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CRTC issues report on Canada’s telecom industry

The Canadian Radio-television and Telecommunications Commission (CRTC) has released its inaugural report on the status of competition in the Canadian telecommunications industry.According to David Col...


December 1, 2001  


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The Canadian Radio-television and Telecommunications Commission (CRTC) has released its inaugural report on the status of competition in the Canadian telecommunications industry.

According to David Colville, Chair of the CRTC, this is the first of five annual reports requested by the federal government, with respect to the status of competition in and on the deployment and accessibility of advanced telecommunications infrastructure and services.

The report, which notes that telecom services play an increasingly important role in the Canadian economy, found that industry gross revenues in 2000 were approximately $28.7 billion and have been growing at an average rate of nine per cent per year since 1996.

The report says that in recent years, the telecom industry has undergone a profound transformation, characterized by such factors as increasing competition, the consolidation of companies, price wars and the introduction, growth and bundling of products and services. Recently, as the industry has been affected by the downturn in financial markets, numerous companies have entered and exited the market, and competitors (as a whole) continue to report net losses.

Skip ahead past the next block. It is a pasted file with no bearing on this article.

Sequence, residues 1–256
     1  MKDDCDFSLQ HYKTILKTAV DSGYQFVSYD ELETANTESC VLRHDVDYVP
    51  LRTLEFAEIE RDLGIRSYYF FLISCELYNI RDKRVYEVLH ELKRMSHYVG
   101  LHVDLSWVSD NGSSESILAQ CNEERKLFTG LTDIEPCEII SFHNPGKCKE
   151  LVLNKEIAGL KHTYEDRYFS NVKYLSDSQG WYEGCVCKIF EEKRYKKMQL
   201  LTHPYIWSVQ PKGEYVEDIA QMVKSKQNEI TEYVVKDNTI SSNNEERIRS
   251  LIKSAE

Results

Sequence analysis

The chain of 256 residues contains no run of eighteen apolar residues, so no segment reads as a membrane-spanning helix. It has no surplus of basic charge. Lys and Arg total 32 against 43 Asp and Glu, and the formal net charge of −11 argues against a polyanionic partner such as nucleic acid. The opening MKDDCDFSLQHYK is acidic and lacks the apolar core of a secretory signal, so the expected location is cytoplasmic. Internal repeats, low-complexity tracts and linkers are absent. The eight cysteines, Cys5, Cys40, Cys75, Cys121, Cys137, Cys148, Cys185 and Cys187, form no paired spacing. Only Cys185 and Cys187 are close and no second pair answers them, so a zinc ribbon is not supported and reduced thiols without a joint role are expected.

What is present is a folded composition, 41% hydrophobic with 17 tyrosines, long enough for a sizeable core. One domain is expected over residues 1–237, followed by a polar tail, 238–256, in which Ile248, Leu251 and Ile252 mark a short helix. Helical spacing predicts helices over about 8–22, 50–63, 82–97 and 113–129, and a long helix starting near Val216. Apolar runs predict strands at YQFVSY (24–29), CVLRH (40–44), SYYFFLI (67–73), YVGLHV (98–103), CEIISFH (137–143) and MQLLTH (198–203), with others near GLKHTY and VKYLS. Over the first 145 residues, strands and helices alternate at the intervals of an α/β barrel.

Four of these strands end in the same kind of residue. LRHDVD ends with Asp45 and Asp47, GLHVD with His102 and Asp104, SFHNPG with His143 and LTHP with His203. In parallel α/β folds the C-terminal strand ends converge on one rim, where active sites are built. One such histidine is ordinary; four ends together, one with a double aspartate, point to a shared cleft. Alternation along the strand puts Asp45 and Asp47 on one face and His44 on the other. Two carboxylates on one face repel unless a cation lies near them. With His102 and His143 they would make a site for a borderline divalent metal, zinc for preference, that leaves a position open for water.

Some markets, such as business long distance, data, Internet, mobile and terminal equipment (e.g. telephones) are significantly more competitive than others. For example, in 2000: competitors captured 49 per cent of business long distance minutes (46 per cent of revenues); international minutes were split approximately 50/50 between incumbent telephone companies and competitors; competitors accounted for 30 per cent of data revenues; and Internet subscribers were served by non-incumbent carriers (41 percent), incumbent telephone companies (32 per cent), large cable companies (19 per cent) and others (8 per cent).

Certain markets are not as competitive. In 2000, the incumbents had over 80 per cent of residential long distance minutes (73 per cent of revenues). As well, in the local services market, the incumbents had 96 per cent of total local lines in 2000.

The report also found that Canadian cable and telecom companies have made considerable investments in broadband infrastructure over the last several years. Approximately three-quarters of Canadians live in communities where high-speed services are provided by such companies.

The report says that on a per capita basis, Canada is ahead of all other G8 countries in terms of subscription to high-speed services. However, continued efforts and expenditures will have to be made. Approximately six million Canadians live in communities that do not have access to high-speed service.

Copies of the full report can be found on the CRTC Web site at www.crtc.gc.ca.


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